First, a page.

Day 1 : Oral Presentations (Theme: Learning Environment)

Event Title

Determining the medical education environment across multiple undergraduate teaching sites in Pakistan using the DREEM inventory

Location

Lecture Hall 3

Start Date

26-1-2013 4:15 PM

Abstract

Background: Quality of educational environment is one of the most important aspects among the factors associated with effective learning. Understanding students’ perceptions of their educational environment and identification of its strengths and weaknesses can be the first step in taking measures to implement positive changes. The aim of the study was to objectively assess whether the Medical educational environment across multiple undergraduate teaching sites in Pakistan was at an acceptable standard and if its perception among students varied at different institutes and is influenced by gender.

Method: This comparative cross sectional study was conducted across six undergraduate medical institutes in four provinces of Pakistan namely King Edward Medical University, Fatima Memorial Medical College, Dow University of Health sciences, Peshawar Medical College, Ayub Medical College and Bolan Medical College. Dundee Ready Education Environment Measure (DREEM) inventory was administered to all the medical students who consented to take part in the study.

Result: Total respondents were2083 with 1311(63%) females and 773(37%) males. Total Mean DREEM score was found positive (105/200). Students perception of learning was positive (25.1/48), perception of teachers as “in need of some retraining”(22.5/44) & students’ academic self-perceptions was positive (17.2/32). Student’s social self-perception was also positive (15.4/28) while they perceived atmosphere as “having many issues which needs changing”(24.8/48). Female students & preclinical year students’ perceived environment as more positive than male students and students belonging to clinical years.

Conclusion: Mean DREEM score in all medical collegeswas 105/200. Highest score was found in domain of student’s social self-perceptions and lowest in domain of student’s perception of teachers.

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Jan 26th, 4:15 PM Jan 26th, 4:30 PM

Determining the medical education environment across multiple undergraduate teaching sites in Pakistan using the DREEM inventory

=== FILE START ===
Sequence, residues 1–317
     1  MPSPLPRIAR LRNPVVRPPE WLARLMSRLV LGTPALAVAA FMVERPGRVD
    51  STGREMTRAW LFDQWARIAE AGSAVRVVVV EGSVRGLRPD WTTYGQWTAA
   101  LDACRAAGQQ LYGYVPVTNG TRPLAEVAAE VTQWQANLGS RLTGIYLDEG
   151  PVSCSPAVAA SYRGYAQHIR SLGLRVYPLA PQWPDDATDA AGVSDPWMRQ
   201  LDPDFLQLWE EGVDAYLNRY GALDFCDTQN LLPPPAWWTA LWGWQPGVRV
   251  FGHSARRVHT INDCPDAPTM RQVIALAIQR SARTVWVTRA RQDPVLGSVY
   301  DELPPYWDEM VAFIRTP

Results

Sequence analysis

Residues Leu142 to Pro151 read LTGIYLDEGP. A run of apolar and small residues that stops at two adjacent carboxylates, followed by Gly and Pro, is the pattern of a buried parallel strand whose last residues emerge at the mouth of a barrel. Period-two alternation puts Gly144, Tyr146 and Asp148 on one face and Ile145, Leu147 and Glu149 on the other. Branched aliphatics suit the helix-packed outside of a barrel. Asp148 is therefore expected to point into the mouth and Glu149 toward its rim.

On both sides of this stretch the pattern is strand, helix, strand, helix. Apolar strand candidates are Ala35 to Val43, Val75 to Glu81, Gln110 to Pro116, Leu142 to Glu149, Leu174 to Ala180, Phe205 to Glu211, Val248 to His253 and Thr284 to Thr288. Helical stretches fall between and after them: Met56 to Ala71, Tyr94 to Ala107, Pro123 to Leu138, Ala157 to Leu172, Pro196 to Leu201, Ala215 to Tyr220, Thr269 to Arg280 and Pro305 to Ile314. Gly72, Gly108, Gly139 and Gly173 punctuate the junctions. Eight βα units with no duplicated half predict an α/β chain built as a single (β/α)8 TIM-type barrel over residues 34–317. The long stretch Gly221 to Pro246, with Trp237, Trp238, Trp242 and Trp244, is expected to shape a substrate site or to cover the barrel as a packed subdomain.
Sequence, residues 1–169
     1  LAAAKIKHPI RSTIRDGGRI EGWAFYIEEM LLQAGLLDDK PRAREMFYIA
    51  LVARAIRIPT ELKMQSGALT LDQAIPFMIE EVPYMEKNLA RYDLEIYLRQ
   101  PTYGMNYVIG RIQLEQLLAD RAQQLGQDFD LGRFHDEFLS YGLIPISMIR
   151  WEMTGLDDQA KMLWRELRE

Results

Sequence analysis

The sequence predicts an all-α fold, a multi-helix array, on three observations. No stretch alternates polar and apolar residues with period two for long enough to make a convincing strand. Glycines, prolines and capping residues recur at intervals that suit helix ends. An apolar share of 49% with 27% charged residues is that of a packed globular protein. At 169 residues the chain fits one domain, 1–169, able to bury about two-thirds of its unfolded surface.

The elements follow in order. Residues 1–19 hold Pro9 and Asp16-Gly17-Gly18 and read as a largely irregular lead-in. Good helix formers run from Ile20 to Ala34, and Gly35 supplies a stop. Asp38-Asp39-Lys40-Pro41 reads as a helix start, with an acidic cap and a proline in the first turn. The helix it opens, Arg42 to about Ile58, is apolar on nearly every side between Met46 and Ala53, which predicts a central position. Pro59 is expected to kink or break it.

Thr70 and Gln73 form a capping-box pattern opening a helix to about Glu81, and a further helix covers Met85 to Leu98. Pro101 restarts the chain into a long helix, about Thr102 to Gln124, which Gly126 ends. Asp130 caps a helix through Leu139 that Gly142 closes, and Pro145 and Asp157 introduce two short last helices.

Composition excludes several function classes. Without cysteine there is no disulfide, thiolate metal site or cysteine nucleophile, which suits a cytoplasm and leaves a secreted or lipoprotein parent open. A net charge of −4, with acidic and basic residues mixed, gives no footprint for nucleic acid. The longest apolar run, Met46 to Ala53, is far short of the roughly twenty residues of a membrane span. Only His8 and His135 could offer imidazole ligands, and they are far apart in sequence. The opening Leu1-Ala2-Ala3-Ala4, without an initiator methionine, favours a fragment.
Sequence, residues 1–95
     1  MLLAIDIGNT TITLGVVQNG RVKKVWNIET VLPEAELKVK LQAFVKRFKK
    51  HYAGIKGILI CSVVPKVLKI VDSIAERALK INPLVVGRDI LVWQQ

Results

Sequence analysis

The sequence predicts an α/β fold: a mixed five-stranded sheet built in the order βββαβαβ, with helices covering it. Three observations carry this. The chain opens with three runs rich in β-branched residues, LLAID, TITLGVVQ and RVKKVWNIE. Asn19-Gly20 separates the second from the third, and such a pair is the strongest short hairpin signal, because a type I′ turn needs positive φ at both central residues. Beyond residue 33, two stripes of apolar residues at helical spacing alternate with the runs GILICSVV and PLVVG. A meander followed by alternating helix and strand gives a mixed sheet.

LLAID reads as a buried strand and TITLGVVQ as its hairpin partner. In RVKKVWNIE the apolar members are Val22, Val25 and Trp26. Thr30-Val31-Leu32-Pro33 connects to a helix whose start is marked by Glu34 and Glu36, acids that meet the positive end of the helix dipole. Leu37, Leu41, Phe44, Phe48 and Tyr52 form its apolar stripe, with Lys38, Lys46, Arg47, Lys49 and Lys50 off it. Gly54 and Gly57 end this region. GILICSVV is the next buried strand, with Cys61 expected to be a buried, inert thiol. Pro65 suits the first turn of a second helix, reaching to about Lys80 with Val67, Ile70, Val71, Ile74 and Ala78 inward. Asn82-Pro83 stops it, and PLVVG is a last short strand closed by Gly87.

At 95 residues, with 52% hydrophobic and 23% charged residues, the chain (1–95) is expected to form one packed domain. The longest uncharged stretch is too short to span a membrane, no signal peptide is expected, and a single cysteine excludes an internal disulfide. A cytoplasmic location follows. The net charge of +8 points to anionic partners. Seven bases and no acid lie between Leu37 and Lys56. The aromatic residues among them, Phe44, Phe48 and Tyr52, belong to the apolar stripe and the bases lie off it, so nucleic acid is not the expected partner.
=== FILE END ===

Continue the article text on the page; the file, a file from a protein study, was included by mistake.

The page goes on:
Lecture Hall 3

Background: Quality of educational environment is one of the most important aspects among the factors associated with effective learning. Understanding students’ perceptions of their educational environment and identification of its strengths and weaknesses can be the first step in taking measures to implement positive changes. The aim of the study was to objectively assess whether the Medical educational environment across multiple undergraduate teaching sites in Pakistan was at an acceptable standard and if its perception among students varied at different institutes and is influenced by gender.

Method: This comparative cross sectional study was conducted across six undergraduate medical institutes in four provinces of Pakistan namely King Edward Medical University, Fatima Memorial Medical College, Dow University of Health sciences, Peshawar Medical College, Ayub Medical College and Bolan Medical College. Dundee Ready Education Environment Measure (DREEM) inventory was administered to all the medical students who consented to take part in the study.

Result: Total respondents were2083 with 1311(63%) females and 773(37%) males. Total Mean DREEM score was found positive (105/200). Students perception of learning was positive (25.1/48), perception of teachers as “in need of some retraining”(22.5/44) & students’ academic self-perceptions was positive (17.2/32). Student’s social self-perception was also positive (15.4/28) while they perceived atmosphere as “having many issues which needs changing”(24.8/48). Female students & preclinical year students’ perceived environment as more positive than male students and students belonging to clinical years.

Conclusion: Mean DREEM score in all medical collegeswas 105/200. Highest score was found in domain of student’s social self-perceptions and lowest in domain of student’s perception of teachers.